By default, function calls always clear all tracked effects because the algorithm assumes that function calls overwrite all registers. You can change this default behavior in the Settings tab of Register Tracking. To only clear some registers for each function call uncheck the "clears all registers" check box and supply a list of comma separated register names in the text field below.

Special Instructions

You can highlight instructions that read from the memory, write to the memory, or call subfunctions in the graph. This makes it quick and easy to get an overview of the important instructions of a function.

 To highlight special instructions you use the Special Instructions panel.

In the Options tab you can select what instructions you want to highlight in the graph and what color should be used to display them.

Code Bookmarks

Code bookmarks allow you to quickly navigate to known instructions in the graph. Setting a code bookmark is done through the Instruction / Add Bookmark context menu that appears when right-clicking on an instruction. Returning to a previously defined instruction is done by clicking on a row of the Code Bookmarks table.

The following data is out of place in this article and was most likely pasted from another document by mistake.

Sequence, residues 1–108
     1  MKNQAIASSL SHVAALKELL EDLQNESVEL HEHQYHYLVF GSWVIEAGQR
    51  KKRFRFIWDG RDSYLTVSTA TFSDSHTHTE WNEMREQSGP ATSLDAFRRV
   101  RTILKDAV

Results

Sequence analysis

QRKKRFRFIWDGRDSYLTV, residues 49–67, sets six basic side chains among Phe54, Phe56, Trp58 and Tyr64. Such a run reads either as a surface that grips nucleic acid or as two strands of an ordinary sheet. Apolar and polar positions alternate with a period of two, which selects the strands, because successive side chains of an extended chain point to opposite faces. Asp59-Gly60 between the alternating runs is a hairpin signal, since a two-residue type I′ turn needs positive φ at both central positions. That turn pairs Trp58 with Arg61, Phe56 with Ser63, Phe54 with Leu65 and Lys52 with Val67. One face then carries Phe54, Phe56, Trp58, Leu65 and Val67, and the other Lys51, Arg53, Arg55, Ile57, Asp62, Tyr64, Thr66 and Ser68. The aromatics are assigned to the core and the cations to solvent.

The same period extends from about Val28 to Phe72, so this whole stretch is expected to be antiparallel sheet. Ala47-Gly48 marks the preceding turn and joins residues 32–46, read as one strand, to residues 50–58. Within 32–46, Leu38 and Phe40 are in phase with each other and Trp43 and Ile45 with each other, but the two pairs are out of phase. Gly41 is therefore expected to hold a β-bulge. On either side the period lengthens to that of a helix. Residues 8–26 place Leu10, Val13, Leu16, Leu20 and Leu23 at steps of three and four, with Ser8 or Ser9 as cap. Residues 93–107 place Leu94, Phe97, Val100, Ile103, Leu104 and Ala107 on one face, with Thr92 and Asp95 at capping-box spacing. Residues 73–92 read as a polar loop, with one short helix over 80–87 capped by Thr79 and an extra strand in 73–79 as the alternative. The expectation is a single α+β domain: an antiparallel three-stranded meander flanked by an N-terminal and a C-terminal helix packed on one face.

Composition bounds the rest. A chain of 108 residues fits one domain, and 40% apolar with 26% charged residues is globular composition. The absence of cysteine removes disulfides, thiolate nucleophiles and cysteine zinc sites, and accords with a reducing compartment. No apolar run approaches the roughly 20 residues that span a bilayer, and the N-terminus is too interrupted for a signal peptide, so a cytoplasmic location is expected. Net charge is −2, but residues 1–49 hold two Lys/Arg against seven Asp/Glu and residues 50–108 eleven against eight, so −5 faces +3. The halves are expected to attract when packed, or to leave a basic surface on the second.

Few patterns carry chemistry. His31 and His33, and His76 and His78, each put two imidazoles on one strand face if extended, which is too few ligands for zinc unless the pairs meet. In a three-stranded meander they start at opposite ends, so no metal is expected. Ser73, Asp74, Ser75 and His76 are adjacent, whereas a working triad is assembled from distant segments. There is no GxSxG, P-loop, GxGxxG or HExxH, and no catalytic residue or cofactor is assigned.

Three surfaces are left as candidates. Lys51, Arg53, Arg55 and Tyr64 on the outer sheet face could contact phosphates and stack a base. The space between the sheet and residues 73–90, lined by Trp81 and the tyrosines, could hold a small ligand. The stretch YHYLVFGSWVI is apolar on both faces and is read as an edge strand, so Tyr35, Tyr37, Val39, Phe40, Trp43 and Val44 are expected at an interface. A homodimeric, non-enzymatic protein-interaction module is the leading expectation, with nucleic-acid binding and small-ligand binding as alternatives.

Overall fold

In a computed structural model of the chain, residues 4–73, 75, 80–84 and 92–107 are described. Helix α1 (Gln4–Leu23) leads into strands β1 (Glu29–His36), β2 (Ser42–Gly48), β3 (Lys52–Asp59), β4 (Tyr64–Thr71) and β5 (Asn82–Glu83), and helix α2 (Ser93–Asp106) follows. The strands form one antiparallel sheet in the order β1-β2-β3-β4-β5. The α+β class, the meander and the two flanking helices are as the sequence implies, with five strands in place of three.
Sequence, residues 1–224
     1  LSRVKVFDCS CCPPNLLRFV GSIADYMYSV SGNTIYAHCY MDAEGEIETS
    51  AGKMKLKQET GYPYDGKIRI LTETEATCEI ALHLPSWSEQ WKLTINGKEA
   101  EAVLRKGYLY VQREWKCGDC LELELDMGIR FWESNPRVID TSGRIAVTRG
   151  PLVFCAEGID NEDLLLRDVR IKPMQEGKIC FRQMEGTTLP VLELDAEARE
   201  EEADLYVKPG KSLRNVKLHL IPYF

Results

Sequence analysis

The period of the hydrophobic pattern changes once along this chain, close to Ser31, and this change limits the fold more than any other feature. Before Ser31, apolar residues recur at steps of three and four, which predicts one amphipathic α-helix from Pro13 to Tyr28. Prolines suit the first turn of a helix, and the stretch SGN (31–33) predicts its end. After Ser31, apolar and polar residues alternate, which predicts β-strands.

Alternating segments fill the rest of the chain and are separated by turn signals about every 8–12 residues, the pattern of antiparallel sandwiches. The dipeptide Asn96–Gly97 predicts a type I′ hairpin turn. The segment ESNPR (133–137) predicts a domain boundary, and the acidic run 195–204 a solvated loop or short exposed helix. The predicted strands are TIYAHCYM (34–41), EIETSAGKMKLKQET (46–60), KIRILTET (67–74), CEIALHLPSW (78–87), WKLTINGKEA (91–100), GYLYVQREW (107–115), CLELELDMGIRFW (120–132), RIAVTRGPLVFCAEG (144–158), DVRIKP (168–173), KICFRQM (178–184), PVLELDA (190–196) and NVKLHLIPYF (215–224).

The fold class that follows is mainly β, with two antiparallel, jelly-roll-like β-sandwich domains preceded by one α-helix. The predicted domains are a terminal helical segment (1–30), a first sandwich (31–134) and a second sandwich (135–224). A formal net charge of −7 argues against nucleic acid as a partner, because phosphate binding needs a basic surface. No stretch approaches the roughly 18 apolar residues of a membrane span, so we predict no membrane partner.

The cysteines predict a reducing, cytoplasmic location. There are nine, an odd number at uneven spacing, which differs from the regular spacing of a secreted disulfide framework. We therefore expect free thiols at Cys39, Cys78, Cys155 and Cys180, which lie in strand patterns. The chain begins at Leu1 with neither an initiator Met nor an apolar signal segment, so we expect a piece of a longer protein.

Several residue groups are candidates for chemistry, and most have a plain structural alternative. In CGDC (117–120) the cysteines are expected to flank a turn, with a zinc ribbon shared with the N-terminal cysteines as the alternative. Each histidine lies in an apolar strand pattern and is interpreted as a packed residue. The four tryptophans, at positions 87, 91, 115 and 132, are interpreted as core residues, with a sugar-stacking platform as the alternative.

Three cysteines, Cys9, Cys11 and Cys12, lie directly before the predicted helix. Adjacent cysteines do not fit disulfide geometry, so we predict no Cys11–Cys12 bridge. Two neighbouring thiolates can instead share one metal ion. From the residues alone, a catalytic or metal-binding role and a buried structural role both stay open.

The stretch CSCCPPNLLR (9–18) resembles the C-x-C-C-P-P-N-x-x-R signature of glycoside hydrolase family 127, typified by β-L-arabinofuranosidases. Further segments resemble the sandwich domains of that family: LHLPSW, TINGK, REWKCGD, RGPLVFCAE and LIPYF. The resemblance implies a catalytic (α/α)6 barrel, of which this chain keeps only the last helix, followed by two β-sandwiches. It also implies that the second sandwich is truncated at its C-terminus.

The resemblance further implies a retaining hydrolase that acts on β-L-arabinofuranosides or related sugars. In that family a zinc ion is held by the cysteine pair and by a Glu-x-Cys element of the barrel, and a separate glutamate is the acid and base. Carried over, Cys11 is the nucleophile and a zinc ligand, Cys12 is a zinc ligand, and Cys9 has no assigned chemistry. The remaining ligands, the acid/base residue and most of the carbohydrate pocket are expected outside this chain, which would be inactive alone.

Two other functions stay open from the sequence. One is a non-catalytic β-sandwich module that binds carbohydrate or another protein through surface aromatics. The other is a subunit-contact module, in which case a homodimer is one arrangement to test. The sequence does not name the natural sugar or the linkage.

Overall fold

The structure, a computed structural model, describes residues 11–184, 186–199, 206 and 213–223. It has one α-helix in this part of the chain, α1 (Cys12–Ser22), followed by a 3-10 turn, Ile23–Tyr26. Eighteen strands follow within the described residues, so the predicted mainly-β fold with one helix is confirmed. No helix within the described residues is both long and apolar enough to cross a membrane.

The GUI elements of the Debug Perspective


When you are debugging a target process, its current register values are shown on the left-hand side of the graph window. Right above the registers values, the currently active debugger can be selected if more than one debugger is configured for the active view. 


When you right-click on a register value a context menu with the following options appears:

The Debugger Toolbar

The  Debugger Toolbar provides many functions that are available for controlling execution of the the target process.


From left to right, the buttons of the debugger toolbar have the following meaning:


The memory panel shows the target memory and the stack view of the active target process.

On the left-hand side you can select what memory region you want to look at. The selected memory region is then shown in the hex window on the lower left-hand side.

The Stack view is shown on the right-hand side of the panel. In this view you can take a look at the current content of the stack and the current location of the stack pointer (shown in red)